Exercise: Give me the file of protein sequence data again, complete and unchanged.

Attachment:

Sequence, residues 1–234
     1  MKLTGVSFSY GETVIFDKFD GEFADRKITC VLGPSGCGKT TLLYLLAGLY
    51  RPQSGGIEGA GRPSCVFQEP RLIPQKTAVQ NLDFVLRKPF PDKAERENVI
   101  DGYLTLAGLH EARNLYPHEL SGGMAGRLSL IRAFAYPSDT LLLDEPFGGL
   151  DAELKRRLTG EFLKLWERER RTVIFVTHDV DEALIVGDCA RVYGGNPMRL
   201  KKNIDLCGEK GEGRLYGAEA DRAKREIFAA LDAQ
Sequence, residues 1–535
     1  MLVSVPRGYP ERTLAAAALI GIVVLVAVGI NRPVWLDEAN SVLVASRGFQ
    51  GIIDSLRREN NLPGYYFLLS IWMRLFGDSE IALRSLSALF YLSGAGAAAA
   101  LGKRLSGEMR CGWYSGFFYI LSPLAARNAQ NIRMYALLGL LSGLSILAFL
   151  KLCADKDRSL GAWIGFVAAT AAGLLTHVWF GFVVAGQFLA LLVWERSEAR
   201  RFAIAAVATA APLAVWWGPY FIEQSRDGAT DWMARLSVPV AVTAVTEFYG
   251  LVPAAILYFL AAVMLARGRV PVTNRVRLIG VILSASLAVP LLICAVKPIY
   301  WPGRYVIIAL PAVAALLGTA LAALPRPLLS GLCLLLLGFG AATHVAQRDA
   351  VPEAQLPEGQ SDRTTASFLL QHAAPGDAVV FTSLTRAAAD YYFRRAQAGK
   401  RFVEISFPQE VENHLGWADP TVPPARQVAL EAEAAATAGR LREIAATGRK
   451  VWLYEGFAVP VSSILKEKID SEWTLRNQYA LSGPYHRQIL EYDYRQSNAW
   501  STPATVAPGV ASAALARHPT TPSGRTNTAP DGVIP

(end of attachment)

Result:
Sequence, residues 1–234
     1  MKLTGVSFSY GETVIFDKFD GEFADRKITC VLGPSGCGKT TLLYLLAGLY
    51  RPQSGGIEGA GRPSCVFQEP RLIPQKTAVQ NLDFVLRKPF PDKAERENVI
   101  DGYLTLAGLH EARNLYPHEL SGGMAGRLSL IRAFAYPSDT LLLDEPFGGL
   151  DAELKRRLTG EFLKLWERER RTVIFVTHDV DEALIVGDCA RVYGGNPMRL
   201  KKNIDLCGEK GEGRLYGAEA DRAKREIFAA LDAQ
Sequence, residues 1–535
     1  MLVSVPRGYP ERTLAAAALI GIVVLVAVGI NRPVWLDEAN SVLVASRGFQ
    51  GIIDSLRREN NLPGYYFLLS IWMRLFGDSE IALRSLSALF YLSGAGAAAA
   101  LGKRLSGEMR CGWYSGFFYI LSPLAARNAQ NIRMYALLGL LSGLSILAFL
   151  KLCADKDRSL GAWIGFVAAT AAGLLTHVWF GFVVAGQFLA LLVWERSEAR
   201  RFAIAAVATA APLAVWWGPY FIEQSRDGAT DWMARLSVPV AVTAVTEFYG
   251  LVPAAILYFL AAVMLARGRV PVTNRVRLIG VILSASLAVP LLICAVKPIY
   301  WPGRYVIIAL PAVAALLGTA LAALPRPLLS GLCLLLLGFG AATHVAQRDA
   351  VPEAQLPEGQ SDRTTASFLL QHAAPGDAVV FTSLTRAAAD YYFRRAQAGK
   401  RFVEISFPQE VENHLGWADP TVPPARQVAL EAEAAATAGR LREIAATGRK
   451  VWLYEGFAVP VSSILKEKID SEWTLRNQYA LSGPYHRQIL EYDYRQSNAW
   501  STPATVAPGV ASAALARHPT TPSGRTNTAP DGVIP